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Monday, February 15, 2010

Minister Harney should learn from California's experience - Money spent on embryonic stem cell research is money wasted

There are three billion reasons not to allow the Supreme Court ruling in R v. R to be used as a cover to legalise research here involving human embryo destruction.

In 2004, Californian taxpayers agreed to fund embryo stem cell research to the tune of $3 billion in the hope of finding cures for chronic diseases and disabilities. But since then, not a single breakthrough has taken place.

Now the Los Angeles-based Investor’s Business Daily magazine is reporting that the California Institute for Regenerative Medicine set up to administer the $3b has started diverting the funds earmarked for embryo research into the ethically non-controversial adult stem cell research.

Minster for Health Mary Harney may well try to rush through a regulatory framework allowing embryo destruction to meet the interests of the IVF and embryo research industries. She is on record as saying she has asked her officials to prepare heads of legislation and it is expected the proposed legislation will follow the recommendations of the Commission on Assisted Human Reproduction’s 2005 Report. The membership of this Commission was outrageously biased in favour of allowing embryo destruction – they voted 24 to 1 for it, only Professor Gerard Whyte of TCD dissenting, click here to see his closely reasoned dissent.

Clearly the recommendations of such a biased body are not a fitting basis for legislation in a democracy, all the more so when such run contrary to the balance of opinion among the general public, measured time and again in professionally carried out opinion polls every year since the biased Report was issued, which have found a majority of around 70% support the Dáil passing legislation protecting embryos against destruction in clinics and laboratories.

But Minister Mary Harney may also defend legislation allowing the destruction of human embryos in vitro on the grounds that embryo destruction is needed to provide embryonic stem cells for research to produce new medical treatments.

This argument, however, has turned out to be as flawed as an appeal to the biased Commission on Assisted Human Reproduction Report. For years we have been bombarded by propaganda saying killing human embryos has to be allowed so research using stem cells got by that way may lead to new medical treatments. But now we are finding out this simply ain’t so. It’s been all promise, but no product.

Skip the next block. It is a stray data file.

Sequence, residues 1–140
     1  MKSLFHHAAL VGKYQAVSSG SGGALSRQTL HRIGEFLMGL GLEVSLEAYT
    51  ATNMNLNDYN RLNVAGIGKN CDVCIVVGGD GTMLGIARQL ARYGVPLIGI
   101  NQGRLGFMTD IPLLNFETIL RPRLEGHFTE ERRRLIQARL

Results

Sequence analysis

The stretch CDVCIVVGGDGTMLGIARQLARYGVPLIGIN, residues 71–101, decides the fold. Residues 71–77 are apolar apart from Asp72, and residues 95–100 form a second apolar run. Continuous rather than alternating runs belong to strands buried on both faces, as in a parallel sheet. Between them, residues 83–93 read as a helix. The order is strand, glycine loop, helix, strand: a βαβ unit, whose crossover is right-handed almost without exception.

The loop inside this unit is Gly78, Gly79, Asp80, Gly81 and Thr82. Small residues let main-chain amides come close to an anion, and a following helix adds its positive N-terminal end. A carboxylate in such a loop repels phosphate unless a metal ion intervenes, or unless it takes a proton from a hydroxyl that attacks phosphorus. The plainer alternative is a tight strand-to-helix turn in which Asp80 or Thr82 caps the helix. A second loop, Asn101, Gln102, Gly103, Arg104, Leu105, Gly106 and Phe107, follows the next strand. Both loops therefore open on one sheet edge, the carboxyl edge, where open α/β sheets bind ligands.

In 2004 California approved Proposition 71, a ballot measure allowing the State to borrow US $3 billion to fund stem cell research using stem cells obtained by destroying human embryos. The money was to be used, its proponents said, to develop new treatments based on embryonic stem cell research. The State agency set up to manage this was the California Institute for Regenerative Medicine.

On 12th January this year, the Los Angeles-based Investor’s Business Daily magazine reported that because the research using stem cells obtained by killing human embryos has not produced any breakthroughs in medical treatments, the California Institute for Regenerative Medicine ‘is diverting funds’ to the research approach that ‘has produced actual therapies and treatments : adult stem cell research.’

Adult stem cell research, the Investor’s Business Daily comments, ‘not only has treated real people with real results it also does not come with the moral baggage embryonic stem cell research does.

It goes on to comment that advocates of embryonic stem cell research have engaged in a sort of three card trick:

To us this is a classic bait and switch, an attempt to snatch success from the jaws of failure and take credit for discoveries and advances achieved by research (which) Proposition 71 supporters once cavalierly dismissed. We have noted how over the years that when funding was needed, the phrase “embryonic stem cells” was used. When actual progress was discussed, the word “embryonic” was dropped because embryonic stem cell research never got out of the lab. You can read the Investor’s Business Daily magazine article in full here

So if Minister Mary Harney or the voices of the IVF and embryo research industries in Ireland start arguing that we need a regulatory framework allowing embryo destruction in order to open the door for research promising breakthroughs in medical treatment, the answer is we already know what lies down that path. California three US $ 3 billion at it and there were no results and now the agency set up to get results is diverting the money into adult stem cell research so it will have some results to show.

The real message of the Californian experience, then is that Ireland has a golden opportunity to put substantial resources into adult stem cell research to make Ireland an international centre of excellence in this field of research which is actually producing the goods.

In the wake of the Supreme Court ruling in Ireland stripping Constitutional protection from human embryos in vitro, the latest developments from California take on a significant added meaning.

With her experience in other ministries, Minister Harney is in a position to appreciate the economic as well as the medical knock-on effects of making Ireland an international centre of excellence for the ethically non-controversial adult stem cell research.

1 comment:

  1. What was R v. R, the frozen embryos case actually about? I’ve listed 15 of the questions it involves in The Weekend Post series ‘Protecting Human Embryos in Clinics and Laboratories’ on The Joe Bloggg. Want to have a look? It’s at http://josephmccarroll.blogspot.com/